Story: Banking and finance

Bank profitability

Bank profitability

Banks are owned by shareholders, so the return on shareholder funds (equity) is an important measure of profitability. However, it is not the only measure, because banks have equity buttressed by lending by their parent banks. Between 1996 and 2005 the average annual return on shareholder funds after tax was 20.7%. Investing in a bank is regarded as riskier than lending to a bank, so returns are expected to be higher.

Because shareholder funds make up only a small proportion of total funds used by a bank (deposits provide most of those funds), a widely used measure of bank profitability is annual profit as a percentage of average total assets. This reached 1.4% in 2002, compared with 0.4% in 1992. The financial crisis of 2008 affected bank profitability – in 2008 banks reported aggregate pre-tax profits of $4.5 billion, 7% lower than in 2007. That made for a 0.89% return on average total assets.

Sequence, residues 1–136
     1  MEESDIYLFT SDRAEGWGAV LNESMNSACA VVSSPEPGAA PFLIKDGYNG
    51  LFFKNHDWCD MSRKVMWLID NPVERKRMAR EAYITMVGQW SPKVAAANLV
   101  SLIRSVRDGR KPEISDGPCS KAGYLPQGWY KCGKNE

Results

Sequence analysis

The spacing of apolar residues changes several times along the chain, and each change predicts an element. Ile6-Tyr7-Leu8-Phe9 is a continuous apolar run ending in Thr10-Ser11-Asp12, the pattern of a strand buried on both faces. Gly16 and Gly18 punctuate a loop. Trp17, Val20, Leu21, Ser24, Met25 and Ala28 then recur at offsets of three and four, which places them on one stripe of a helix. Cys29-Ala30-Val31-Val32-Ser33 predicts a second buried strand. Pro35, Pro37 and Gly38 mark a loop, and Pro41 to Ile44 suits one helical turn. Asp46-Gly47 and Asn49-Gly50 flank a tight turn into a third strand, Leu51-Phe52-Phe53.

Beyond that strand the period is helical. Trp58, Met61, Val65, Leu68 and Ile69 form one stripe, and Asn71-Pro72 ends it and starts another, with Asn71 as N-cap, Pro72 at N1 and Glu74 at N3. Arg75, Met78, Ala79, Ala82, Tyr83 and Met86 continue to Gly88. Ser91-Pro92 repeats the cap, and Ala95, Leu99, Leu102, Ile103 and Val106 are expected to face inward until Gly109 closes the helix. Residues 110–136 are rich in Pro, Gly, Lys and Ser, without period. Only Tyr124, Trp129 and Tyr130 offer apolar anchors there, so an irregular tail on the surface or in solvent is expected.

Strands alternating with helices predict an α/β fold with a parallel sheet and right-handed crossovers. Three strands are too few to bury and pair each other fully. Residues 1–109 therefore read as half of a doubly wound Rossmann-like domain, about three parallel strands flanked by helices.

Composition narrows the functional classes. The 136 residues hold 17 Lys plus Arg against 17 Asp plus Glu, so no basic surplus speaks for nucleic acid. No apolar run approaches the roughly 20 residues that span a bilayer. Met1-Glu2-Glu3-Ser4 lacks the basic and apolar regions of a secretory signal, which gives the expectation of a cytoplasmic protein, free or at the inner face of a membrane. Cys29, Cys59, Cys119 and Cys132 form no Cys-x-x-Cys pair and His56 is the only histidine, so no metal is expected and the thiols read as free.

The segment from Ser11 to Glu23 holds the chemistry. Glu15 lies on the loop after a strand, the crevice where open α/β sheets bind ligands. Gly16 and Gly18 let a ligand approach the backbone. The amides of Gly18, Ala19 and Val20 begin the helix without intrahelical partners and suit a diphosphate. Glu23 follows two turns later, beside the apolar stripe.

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How to cite this page:

David Tripe, 'Banking and finance - Bank profits', Te Ara - the Encyclopedia of New Zealand, (accessed 14 April 2024)

Story by David Tripe, published 11 Mar 2010